Scale the world’s highest fire tree
Most people know about the giant trees of southwestern WA, but did you know you could climb one of the tallest – without a safety net? Thrill seekers can climb the 165 steel pegs that spiral around the Dave Evans Bicentennial Tree near the town of Pemberton to take in the view from the old fire-spotting ‘cabin’ 75m above the ground in the tree’s canopy. In high winds, the cabin can sway 1.5m in either direction, titillating the brave (or foolish) souls that take on this behemoth.
Pegged in 1988, the Dave Evans Bicentennial Tree is the tallest of a trio of fire lookout trees you can climb in the southwest’s towering Karri forests. Fire spotters used these Karri giants for surveillance in the 1930s and ‘40s, until planes took over the task in 1972.
Get wet on the Spider Walk
A total reimagining of the hiking experience, the Spider Walk requires you to rock-hop, wade and swim on a challenging outback obstacle course through Hancock Gorge in Karijini National Park. Although it’s no walk in the park, this adventure is great fun for older kids and adults alike – assuming you’re sufficiently coordinated and prepared to get wet.
From Weano Recreation Area in the park’s west, climb down a long steel ladder into the gorge and follow the swiftly flowing ‘trail’ to the Amphitheatre, a small stone arena that faces a pretty waterfall. Next up is the Spider Walk; a narrow, water-filled chasm that you negotiate by bracing your bare feet against the highly polished rock and shimmying along just above the water. It’s not as difficult as it looks, but it is sure to get your heart pumping!
You can splash through the next watery chasm or climb to stay high and dry in order to reach Kermit’s Pool, a bright green, impossibly deep waterhole perfect for swimming.
Meet the locals at Penguin Island
It rates as one of the world’s most significant, city-based marine sanctuaries and you’ll find it just 42km south of Perth: a string of rocky limestone islets protecting WA’s largest colony of little penguins. Ride the local ferry or paddle 700m from the mainland on your own kayak to enjoy guided walks and visit the Penguin Experience Discovery Centre and its underwater observatory for close-up views of rescued and rehabilitated little penguins. Around 1000 pairs of wild little penguins – the world’s smallest and noisiest – call this 12.5-hectare island home.
Bring snorkelling gear to explore the underwater cliffs laced with brilliantly coloured coral fans on the island’s northern tip, or spend a morning on the designated Little Penguin Dive Trail that begins south of the Discovery Centre.
And although you can’t set foot on neighbouring Seal Island where great piles of sluggish Australian sea lions warm themselves on the sand, paddlers hovering just offshore get great views of these rare creatures.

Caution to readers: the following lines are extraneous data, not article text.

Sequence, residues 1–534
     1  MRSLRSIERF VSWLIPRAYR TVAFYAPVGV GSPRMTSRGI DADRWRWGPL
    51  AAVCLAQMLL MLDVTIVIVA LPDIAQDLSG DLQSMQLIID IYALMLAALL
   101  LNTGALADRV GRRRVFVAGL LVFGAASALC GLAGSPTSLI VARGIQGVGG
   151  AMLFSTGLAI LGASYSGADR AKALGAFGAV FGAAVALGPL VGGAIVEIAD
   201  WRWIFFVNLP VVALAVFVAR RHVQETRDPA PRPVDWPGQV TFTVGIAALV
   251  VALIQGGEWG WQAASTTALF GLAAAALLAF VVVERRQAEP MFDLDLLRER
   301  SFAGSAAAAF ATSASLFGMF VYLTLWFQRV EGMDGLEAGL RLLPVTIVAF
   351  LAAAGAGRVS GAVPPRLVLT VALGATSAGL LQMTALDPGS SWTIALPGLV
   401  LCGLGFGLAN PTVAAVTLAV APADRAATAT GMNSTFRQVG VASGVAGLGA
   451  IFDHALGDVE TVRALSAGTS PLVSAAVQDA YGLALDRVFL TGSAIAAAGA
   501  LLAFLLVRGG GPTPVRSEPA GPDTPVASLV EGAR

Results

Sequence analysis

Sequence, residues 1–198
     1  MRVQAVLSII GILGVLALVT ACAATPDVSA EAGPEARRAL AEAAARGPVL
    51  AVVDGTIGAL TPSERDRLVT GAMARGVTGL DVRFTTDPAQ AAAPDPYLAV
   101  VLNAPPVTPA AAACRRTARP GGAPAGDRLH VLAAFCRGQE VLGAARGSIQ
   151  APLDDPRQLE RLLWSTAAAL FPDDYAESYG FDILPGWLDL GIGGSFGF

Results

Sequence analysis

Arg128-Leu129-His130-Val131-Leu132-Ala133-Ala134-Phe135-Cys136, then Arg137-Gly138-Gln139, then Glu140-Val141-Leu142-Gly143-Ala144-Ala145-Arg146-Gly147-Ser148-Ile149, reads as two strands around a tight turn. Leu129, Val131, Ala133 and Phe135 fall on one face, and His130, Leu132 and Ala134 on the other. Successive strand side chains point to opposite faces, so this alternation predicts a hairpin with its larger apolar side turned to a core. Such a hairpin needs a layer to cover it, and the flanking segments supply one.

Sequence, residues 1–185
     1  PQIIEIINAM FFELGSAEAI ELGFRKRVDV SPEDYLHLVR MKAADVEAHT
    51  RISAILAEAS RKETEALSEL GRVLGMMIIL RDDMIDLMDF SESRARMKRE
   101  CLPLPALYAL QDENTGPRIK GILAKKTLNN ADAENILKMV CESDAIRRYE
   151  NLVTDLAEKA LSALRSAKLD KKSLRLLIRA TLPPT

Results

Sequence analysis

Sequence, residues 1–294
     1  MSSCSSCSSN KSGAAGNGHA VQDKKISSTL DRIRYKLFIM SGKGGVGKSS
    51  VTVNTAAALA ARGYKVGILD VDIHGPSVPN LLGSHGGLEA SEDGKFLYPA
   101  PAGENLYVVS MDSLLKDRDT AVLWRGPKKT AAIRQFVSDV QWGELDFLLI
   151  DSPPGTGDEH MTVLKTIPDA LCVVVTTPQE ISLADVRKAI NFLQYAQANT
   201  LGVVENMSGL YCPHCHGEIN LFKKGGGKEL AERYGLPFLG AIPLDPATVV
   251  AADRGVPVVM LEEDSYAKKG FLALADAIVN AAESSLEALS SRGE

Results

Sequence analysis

Kayak the Dampier Archipelago
Midway up WA’s rugged coastline, beyond the rusty ironstone hills of the Burrup Peninsula, you’ll find an archipelago of reef-fringed islands to snorkel, fish and camp in solitude. Clustered in a 45km-radius from land and irresistibly close for travellers with a kayak or tinny, 42 islands, islets and rock outcrops nurture coral gardens and nurseries of stingrays, turtles and reef sharks.
Out of the water, the landscape is just as remarkable. In 2014, WA proclaimed Murujuga National Park its 100th national park, finally affording protection to the mainland’s Burrup Peninsula and the largest concentration of ancient, Indigenous rock art the world has ever discovered.
Etched with an estimated 100,000 petroglyphs, these 30,000-year-old rock canvases extend beyond the Burrup Peninsula to the Dampier Archipelago islands, too, where fascinating finds are within reach just over the spinifex dunes. The islands are completely undeveloped so you’ll need to be totally self-sufficient, which is all part of the adventure, of course.
Spotlight through Stockyard Tunnel
Providing one of the best beginner caving experiences on the West Coast, Stockyard Tunnel disappears 300m through an ancient limestone seabed. Named because the tunnel and the exposed gully at either end form a natural stockyard, this was a popular drovers rest 150 years ago, providing shade and drinking water for weary cattle and workers.
In Stockyard Tunnel you can explore crevices and climb up into tiny tunnels and squeezes decorated with subtle pink and yellow hues derived from iron oxides, haematite and goethite. Tiny stalactites grow high above where floodwaters can’t reach.
In this strangely barren place, try switching off your torch and exposing your senses to the inky darkness. After 15 minutes, a welcoming glow will lure you back into the sunshine to marvel at beehives and swallow nests high on the gully’s limestone walls. Known for its prolific wildflowers, this hidden oasis is a rare find and a great way to beat the summertime heat.
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